3. Aim high. This is the most general and traditional piece of advice on this list, but it's worth mentioning because it can be applied to any number of situations. Always aim a little higher than you think you can reasonably get. This means asking for a higher salary or a bigger raise than you would otherwise expect, charging higher rates for freelance or side work, or reaching out to people higher up in the corporate ladder. Even if you're turned away, you can always scale your targets back.

4. Get certifications. Certifications range in significance from granting you great new skills to being purely superficial. Yet in many cases, certifications are treated with high regard. The more certifications you acquire, whether they're for attending a free online class or achieving some milestone in your industry, the more money you'll be able to earn.

5. Concentrate your efforts (show accomplishments). This trick is all about how you work. Rather than spreading your efforts around your various tasks, concentrate them on core landmark achievements. It's better to have one fantastic achievement and an "okay" performance elsewhere than it is to have acceptable performances all-around. Your biggest achievements are where you're going to get the most attention--especially at your critical year-end review.

6. Meet people. Attend networking events, get involved on social media, and open up to talk to total strangers. The more people you talk to, the more you'll learn, the more opportunities for more money you'll have, and the bigger safety net you'll have if things at your current employer don't work out.

7. Live like you're poor. The concept of compounding returns in investments shouldn't be new to you--invested wisely, even a modest sum of capital can earn you passive income every year. But how do you get that capital to begin with? The secret is living well below your means--living in housing below your buying power, seeking cheaper alternatives for things like food and utilities, and generally cutting back on unnecessary expenditures.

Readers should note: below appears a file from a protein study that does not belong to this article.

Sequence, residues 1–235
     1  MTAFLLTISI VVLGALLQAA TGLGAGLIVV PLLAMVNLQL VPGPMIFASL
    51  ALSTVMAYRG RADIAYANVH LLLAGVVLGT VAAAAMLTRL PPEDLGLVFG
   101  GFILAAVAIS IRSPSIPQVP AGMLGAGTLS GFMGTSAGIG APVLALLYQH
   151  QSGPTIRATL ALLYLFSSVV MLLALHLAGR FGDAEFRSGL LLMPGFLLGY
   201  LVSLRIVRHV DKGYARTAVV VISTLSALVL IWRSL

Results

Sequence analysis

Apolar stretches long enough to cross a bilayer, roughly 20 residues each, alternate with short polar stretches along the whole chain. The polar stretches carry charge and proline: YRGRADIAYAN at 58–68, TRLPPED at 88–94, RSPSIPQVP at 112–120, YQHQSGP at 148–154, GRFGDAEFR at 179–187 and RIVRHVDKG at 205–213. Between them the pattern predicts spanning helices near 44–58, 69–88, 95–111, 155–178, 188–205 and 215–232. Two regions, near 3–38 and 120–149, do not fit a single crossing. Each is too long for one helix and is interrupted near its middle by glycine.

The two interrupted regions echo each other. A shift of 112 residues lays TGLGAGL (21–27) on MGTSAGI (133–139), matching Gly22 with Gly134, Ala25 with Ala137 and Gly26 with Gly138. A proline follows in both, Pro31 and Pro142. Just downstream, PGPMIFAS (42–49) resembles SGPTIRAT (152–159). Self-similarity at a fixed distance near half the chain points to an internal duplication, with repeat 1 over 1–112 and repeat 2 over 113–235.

8. Cut the fluff. How much do you currently own that you don't need or use on a regular basis? If you're like the majority of Americans, the answer is "a lot." Go through your things and sell anything and everything you don't need--it will get you some short-term money, but more importantly, it will help you prioritize your needs so you're less likely to spend money on frivolous things. Donate things you can't sell; you'll save money due to the tax write-off, and reduce your existential overhead.

9. Automate everything you can. Don't work any harder than you have to. Get more done and make more money by automating whatever processes you can--even simple tools like social media post schedulers and advanced note-taking applications can help you shave minutes off your day. Those small changes add up, and will help your productivity soar.

10. Recycle your work. Obviously, you can't reuse old work or old jobs you've already completed, but you can use them as jumping-off points or inspiration for future tasks and projects. Do you have an old idea that your boss once rejected? Try pitching it to a client. Can you use last year's report as a template for this year's? Do it! The more you recycle, the more productive you'll be--and that means you'll make more money (or look better to your boss come review time).

There's no guarantee that these tricks will earn you more money right away, but if you put effort into them and turn some of them into long-term habits, eventually you'll find yourself more likely to earn raises, earning cash on the side, and maybe even stumbling into a newer, better, higher-paying full-time position. Be patient, and remain diligent in your efforts.